When we decided to try it a few years go, we talked my long-lost niece Jackie and her husband Martyn into joining us from the UK for the experience. We met them at Gatwick and continued on to Iraklion in the middle of Crete. After a few days decompression in that area, Martyn drove us out to Vamos, where we checked into the tourist office and were shown our lovely accommodation for the next week. We also signed up for some of the additional traditional experiences they offered. One was a Cretan Cooking class, run by a native Cretan from that area, who was also a Canadian who had cooked in Toronto for a few years.
Her name was Koula Barydakis, an expert on the cuisine, history and botany of Cretan Cooking. A wonderful woman, always smiling, very much at home in the kitchen! I mention botany, because that was how she started her classes, showing us all the herbs they used in their cooking . . . not in little plastic envelopes, but on their original stalks, large branches of rosemary, dill, mint, oregano (rigani in Greek), parsley, Greek mountain tea and a selection of other wild herbs found in Crete. As she passed the herbs around, she told us the names, the health benefits of each and where it is normally found. She expounded to great lengths the benefits of olive oil in all its forms, on food, cooking, as a skin cream and how good it was for your heart. We were about to learn more about the use of these herbs during the course. Koula also uses Raki in her cooking!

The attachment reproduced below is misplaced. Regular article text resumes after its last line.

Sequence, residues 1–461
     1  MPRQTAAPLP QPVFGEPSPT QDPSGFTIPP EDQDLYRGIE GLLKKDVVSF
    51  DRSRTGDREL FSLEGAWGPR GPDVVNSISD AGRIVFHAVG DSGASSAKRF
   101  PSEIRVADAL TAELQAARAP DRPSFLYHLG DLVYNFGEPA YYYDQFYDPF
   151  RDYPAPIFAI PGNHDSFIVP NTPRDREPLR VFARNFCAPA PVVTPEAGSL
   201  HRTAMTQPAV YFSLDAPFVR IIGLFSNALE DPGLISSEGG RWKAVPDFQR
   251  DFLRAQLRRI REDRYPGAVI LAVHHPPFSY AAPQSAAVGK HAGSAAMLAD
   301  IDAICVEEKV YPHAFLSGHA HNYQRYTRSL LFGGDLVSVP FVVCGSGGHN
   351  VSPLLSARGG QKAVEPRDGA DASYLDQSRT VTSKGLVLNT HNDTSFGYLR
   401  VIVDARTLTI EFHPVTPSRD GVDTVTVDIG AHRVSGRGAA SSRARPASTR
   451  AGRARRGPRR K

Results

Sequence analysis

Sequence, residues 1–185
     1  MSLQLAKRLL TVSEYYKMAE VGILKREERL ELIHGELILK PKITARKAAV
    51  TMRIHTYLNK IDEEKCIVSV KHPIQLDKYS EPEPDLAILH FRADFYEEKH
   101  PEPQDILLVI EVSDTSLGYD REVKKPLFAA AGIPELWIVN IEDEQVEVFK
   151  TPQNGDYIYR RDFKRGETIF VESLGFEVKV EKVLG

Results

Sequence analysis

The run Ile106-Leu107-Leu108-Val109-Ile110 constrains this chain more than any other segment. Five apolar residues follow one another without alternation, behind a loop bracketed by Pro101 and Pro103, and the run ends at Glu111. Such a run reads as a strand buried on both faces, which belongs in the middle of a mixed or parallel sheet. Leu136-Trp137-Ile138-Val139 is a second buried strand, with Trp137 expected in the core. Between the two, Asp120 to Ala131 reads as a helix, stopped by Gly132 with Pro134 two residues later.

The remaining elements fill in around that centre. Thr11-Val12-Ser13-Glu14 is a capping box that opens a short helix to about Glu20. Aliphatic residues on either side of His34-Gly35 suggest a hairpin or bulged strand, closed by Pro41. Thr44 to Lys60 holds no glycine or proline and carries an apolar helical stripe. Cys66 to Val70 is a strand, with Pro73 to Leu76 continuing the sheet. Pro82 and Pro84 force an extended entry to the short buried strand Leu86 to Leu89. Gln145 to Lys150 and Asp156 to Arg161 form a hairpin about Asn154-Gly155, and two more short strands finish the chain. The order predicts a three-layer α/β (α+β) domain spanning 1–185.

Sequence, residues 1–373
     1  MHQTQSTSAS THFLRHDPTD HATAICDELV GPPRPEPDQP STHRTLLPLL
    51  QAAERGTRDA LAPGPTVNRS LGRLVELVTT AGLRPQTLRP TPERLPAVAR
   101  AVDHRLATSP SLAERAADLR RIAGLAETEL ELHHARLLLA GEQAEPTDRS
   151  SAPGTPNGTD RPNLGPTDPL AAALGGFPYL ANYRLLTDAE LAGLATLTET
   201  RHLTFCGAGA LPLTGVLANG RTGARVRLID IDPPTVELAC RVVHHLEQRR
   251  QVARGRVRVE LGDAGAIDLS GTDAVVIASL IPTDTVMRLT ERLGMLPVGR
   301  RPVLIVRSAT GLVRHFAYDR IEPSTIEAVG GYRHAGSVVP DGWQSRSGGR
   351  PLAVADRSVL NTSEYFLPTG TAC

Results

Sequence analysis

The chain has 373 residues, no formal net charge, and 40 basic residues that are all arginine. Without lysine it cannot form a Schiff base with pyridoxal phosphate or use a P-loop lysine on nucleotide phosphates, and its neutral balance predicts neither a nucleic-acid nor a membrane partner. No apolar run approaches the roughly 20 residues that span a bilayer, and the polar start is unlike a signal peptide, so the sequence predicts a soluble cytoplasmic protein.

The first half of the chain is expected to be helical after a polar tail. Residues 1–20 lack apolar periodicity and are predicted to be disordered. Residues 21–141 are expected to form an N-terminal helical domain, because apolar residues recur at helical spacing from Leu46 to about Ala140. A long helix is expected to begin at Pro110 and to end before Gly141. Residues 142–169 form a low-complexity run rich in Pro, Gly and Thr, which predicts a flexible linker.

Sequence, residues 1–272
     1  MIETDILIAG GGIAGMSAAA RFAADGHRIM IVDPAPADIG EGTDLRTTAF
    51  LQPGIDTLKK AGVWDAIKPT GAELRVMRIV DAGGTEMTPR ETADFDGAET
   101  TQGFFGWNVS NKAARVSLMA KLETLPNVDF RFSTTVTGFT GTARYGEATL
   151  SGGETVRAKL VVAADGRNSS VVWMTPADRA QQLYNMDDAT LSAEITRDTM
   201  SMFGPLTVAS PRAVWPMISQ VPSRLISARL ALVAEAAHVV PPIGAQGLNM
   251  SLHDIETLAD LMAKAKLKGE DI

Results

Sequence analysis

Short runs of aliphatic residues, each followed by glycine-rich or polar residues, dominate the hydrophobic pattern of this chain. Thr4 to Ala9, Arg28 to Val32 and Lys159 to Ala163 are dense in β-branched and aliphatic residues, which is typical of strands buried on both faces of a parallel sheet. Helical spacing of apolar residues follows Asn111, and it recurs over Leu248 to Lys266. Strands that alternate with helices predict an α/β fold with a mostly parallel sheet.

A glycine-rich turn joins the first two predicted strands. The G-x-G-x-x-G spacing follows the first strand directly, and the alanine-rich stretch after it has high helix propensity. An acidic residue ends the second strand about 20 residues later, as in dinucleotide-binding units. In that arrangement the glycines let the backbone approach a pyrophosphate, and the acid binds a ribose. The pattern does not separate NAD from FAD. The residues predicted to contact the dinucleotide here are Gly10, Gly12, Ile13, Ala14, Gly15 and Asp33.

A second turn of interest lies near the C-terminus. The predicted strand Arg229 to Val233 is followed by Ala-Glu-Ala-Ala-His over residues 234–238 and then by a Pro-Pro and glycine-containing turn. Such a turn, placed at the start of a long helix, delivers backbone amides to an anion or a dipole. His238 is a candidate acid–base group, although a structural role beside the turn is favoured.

Our cooking class consisted of nine people, two from Canada (Diana & I), two from the UK (my niece, Jackie and Martyn), three from Denmark, and two from Florida in the USA. The class was great, with just enough involvement and preparation to make us feel like we’d actually accomplished something.
While some chunks of lamb legs braised in some olive oil in a large pot, one of us cut up some green beans, one shredded carrots, others chopped onions, tomatoes, egg plants. Jackie dove in to mix the dough for the ‘Kalitsounia pies’. Kalitsounia (Καλιτσούνια) are small pastry pies, similar to the ubiquitous Tiropita or cheese pies all over Greece. These are the Cretan version, smaller, with a filling of a soft cheese (Mysithra) and mint, sometimes a sweeter version is made with honey in the filling. Of course, Raki was used in this pastry, and wine was served throughout the class, an important ingredient!.
Another delicious item were the Zucchini fritters, delicious patties of grated zucchini mixed with most of the grated veggies I just mentioned. We’ve tried this at home with great success, especially if you have a mechanical grater (a lot easier), zucchini, onions, carrots, garlic (of course!), fresh dill, mint, parsley, sometimes with a little feta, and eggs to hold it all together.
For the dolmades, we became instant experts at folding grape leaves into little packages filled with filled with a mixture of rice, onions, dill, parsley, and mint. Our zucchini fritters, garlic beets and sour cream added to the meal. The lamb in the pot was simmered with tomatoes and tomato sauce for about one and one-half hours.
Eventually, the cooking was over, and we were rewarded with a fantastic meal served on a long table, while we all told the others where we were from and what we did for a living – a good discussion all around as we enjoyed the fruits of our labour!
Stay tuned for Part 2 – “Cretan Cooking – in the White Mountains”
See how it’s done in the mountains, by the Cretan Shepherds,
as they’ve been doing it for thousands of years!